Do you like the way your pecs look in the mirror? If you're trying to find the best lower chest workout for definition, you can get there by shifting to new angles in some familiar exercises.
Defining Your Chest Muscles
Your pectoral muscles are divided into two sections — but they might not work quite the way you're expecting. The two divisions are the clavicular head and the sternal head. But the lower, or sternal head, isn't just at the very bottom of your visible pecs; it covers most of your chest wall. So if you look in the mirror and think you need to add more definition to the very bottom of your chest, you might actually need to add more muscle throughout your entire chest.
That said, the key to fully developing your muscles is to work them through a full range of motion at a variety of angles. And if you haven't been doing decline exercises that emphasize the lower portion of your pectoral muscles, adding them into your workout might give you that extra pop of muscle definition and development that you're looking for.
Opting for Decline Exercises
In a study published in a 2016 issue of the European Journal of Sport Science, researchers tested muscle activation with a barbell bench press at four different angles: zero, 30, 45 and -15 degrees. They found that the activation of the lower pectoralis (aka, the sternal head) was greatest during the decline (-15 degrees) and flat (zero degree) presses, with the decline winning by the barest of margins.
The takeaway? You can't turn off the upper portion of your pecs entirely, but you can shift the emphasis to the lower portion by doing decline exercises.
Here's a bonus takeaway: Even if you're not comfortable doing decline exercises, you can still exercise your lower chest almost as much by working out on a flat bench. This is especially handy if you're doing a lower chest workout at home, because a decline bench isn't a terribly common piece of equipment in home gyms.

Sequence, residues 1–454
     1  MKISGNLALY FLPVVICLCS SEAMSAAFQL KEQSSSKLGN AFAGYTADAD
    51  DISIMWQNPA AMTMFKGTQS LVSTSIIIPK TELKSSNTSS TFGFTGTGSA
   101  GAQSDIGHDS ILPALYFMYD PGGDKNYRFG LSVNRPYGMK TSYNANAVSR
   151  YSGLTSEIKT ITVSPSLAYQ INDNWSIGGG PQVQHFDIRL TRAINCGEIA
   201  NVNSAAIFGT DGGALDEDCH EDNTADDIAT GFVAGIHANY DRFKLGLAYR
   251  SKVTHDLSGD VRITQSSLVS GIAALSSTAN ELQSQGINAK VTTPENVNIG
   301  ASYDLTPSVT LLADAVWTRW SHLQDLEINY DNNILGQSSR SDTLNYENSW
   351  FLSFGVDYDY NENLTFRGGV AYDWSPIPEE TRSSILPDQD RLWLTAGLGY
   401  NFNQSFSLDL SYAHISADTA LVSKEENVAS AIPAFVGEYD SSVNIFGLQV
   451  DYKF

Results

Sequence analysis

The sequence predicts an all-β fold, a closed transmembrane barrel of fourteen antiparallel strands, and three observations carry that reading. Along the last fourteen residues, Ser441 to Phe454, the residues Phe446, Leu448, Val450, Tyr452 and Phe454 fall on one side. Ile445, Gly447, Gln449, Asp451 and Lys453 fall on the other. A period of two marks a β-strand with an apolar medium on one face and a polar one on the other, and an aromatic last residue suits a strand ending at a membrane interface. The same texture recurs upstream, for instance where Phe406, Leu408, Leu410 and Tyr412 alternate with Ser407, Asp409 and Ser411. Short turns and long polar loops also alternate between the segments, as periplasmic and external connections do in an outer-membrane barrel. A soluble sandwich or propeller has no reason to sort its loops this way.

Lower Chest Exercises With Dumbbells
Unless you're a very serious weightlifter, you're more likely to have dumbbells than barbells at home. But most of these exercises can easily be done with a barbell too, as long as you have the appropriate equipment.
Heads up: To safely do decline exercises, you need a weight bench that's designed to tip the head lower than the feet. Most decline benches have leg pads of some sort to help secure you in place, or might be close enough to the ground that you can still plant your feet firmly on the floor. Don't try to lie upside down on an incline bench; this isn't safe.
If you don't have access to a decline bench, do these exercises with a flat bench instead.
1. Decline Dumbbell Press
Although your triceps help out with the decline press, it's still an excellent workout for your pecs.
- Carry the dumbbells with you, holding them close to your body as you carefully position yourself on the decline bench. Or, even better, have a spotter hand them to you once you're in position.
- Press the dumbbells straight up against gravity; they'll be centered over your lower chest. Your palms should face toward your lower body.
- Bend your arms and lower the weights, keeping your wrists positioned over your elbows. (The weights will move down and out as you lower them, as if they were outlining two edges of a triangle.)